The Supply Chain Matters blog calls reader attention to a very timely report recently published by global sourcing consulting firm, Kearney (formerly A.T. Kearney).
This report, Trade war spurs sharp reversal in 2019 Reshoring Index, foreshadowing COVID-19 test of supply chain resilience, the seventh annual reiteration, is very timely, to state the obvious.
Essentially, the annual Kearney Reshoring Index tracks how companies are shifting their global product and component sourcing strategies, with a separate index monitoring the trending among U.S. companies toward higher levels of reshoring.
The report’s Executive Summary points a dramatic reversal of a previous five-year trend for the Reshoring Index, as domestic US manufacturing in 2019 commanded a significantly greater share versus the 14 Asian low-cost countries (LCCs) tracked in the study. Manufacturing imports from China were noted as registering a particularly sharp decline, on the order of a 98-basis point jump in the index. The value of all manufactured imports from various Asian based low-cost countries reportedly declined from a value of $816 billion in 2018, to $757 billion in 2019.
According to the report calculation of a manufacturing import ratio (MIR), the reduction in this ratio from 2018 to 2019 was first seen since 2011.
This year’s report includes the second installment of the Kearney China diversification index (CDI), which was designed to track the rebalancing of US manufacturing imports from Asia away from China to other Asian low-cost countries, most notably Vietnam. Stated in the press release: “Much of China’s loss was Vietnam’s gain,” said Patrick Van den Bossche, Kearney partner and co-author of the study. “Of the $31 billion in US imports that shifted from China to other Asian LCCs, almost half (46 percent) was absorbed by Vietnam, which exported $14 billion more manufactured goods to the US in 2019 than it did in 2018.”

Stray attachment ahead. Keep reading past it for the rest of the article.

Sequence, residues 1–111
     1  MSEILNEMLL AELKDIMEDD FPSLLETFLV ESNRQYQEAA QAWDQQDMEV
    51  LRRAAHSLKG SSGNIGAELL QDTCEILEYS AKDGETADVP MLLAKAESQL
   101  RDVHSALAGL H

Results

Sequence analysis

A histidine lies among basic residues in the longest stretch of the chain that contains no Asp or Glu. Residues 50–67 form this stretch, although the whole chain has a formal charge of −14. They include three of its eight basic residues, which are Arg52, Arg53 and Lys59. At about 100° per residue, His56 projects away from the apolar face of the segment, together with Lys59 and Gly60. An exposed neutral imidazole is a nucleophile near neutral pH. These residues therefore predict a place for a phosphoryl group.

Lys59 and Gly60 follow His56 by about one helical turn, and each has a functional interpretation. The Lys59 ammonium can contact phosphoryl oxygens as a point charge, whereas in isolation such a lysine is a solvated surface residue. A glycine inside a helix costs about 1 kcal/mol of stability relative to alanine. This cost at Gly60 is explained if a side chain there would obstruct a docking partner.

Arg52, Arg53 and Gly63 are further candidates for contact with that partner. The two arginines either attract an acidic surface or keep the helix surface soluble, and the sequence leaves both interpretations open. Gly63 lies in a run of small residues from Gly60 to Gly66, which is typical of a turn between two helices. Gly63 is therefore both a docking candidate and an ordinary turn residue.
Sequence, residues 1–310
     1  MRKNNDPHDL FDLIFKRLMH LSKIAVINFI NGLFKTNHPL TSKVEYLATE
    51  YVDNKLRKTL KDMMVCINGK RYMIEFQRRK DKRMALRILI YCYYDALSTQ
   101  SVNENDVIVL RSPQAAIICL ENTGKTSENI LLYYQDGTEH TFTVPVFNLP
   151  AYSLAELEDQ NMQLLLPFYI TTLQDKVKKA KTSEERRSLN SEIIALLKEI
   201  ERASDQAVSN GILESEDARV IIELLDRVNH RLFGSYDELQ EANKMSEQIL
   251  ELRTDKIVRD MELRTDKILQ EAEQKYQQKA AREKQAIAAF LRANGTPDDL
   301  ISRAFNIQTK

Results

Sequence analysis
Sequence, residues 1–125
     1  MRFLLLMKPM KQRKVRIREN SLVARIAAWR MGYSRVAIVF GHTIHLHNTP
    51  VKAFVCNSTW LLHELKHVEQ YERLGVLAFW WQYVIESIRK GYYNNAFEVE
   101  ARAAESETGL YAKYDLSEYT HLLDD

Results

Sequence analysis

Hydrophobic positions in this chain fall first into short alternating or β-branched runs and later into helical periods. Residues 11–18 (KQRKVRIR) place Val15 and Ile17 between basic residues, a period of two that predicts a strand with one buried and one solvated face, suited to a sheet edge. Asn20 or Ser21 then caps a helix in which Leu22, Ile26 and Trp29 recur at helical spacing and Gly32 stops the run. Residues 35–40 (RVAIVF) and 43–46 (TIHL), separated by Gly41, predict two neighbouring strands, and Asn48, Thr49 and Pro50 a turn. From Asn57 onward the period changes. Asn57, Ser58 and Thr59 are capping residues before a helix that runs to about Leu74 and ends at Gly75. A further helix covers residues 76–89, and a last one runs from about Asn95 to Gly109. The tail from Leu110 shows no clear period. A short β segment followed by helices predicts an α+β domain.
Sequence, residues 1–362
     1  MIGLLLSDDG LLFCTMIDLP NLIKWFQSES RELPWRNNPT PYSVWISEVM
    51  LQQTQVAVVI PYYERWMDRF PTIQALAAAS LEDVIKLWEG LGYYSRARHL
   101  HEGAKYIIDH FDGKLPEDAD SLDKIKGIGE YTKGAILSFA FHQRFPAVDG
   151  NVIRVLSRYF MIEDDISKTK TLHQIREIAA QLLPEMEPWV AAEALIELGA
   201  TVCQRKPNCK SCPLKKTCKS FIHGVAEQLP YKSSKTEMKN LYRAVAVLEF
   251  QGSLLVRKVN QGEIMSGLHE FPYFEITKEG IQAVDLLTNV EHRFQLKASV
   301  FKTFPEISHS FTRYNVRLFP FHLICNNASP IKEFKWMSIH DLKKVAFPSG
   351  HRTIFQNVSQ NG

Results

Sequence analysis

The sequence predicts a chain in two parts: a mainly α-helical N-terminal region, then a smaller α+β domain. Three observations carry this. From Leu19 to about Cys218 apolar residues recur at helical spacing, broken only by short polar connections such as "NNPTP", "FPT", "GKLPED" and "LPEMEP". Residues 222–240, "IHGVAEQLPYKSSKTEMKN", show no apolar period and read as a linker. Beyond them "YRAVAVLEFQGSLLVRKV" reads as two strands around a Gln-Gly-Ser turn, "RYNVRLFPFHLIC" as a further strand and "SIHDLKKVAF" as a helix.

The Executive Summary further observes: “2019 saw companies actively adapting to what then felt like a major disruption—the US–China trade war—by reducing imports of manufactured goods from China while increasing manufacturing imports from the other countries in our Asia LCC sample, as well as from Mexico.”
What it Means- Important Takeaways
The obvious top of mind question is obviously what the results of this index imply for the now ongoing manufacturing and supply chain disruptions occurring from the ongoing COVID-19 coronavirus pandemic. The report authors state: “At this writing, the full extent of the societal and economic trauma the coronavirus pandemic may cause is unknown. But it will be historic. As a result, we forecast that companies will be compelled to go much further in rethinking their sourcing strategies—indeed, their entire supply chains.”
In the report’s detail, the Kearney authors note that while the shift out of China was substantial, driven by increased tariff levels and trade conflict, there remained a sense that manufacturing imports from China would revert to former patterns when the trade war subsided. The now growing order of magnitude of the COVID-19 disruption is still an unknown, but will be historic, according to the authors. The authors further conclude: “While the trade war triggered some notable tinkering, the massive operational disruption wrought by the coronavirus pandemic will compel companies to fundamentally rethink their sourcing strategies.”
The above Kearney takeaway statement is one that is increasingly being shared by other global consulting and economist firms, and one that we have expressed in recent Supply Chain Matters commentaries addressing the post COVID-19 supply chain landscape. The Kearney Reshoring Index likely implies that U.S. Manufacturer’s and retailers who already initiated sourcing strategy shifts may have a leg up on other industry players, but that remains to be seen.
We will continue to share with our reader community highlights of other important published research and insights.
Readers can access the full Kearney report by clicking on the report title noted above.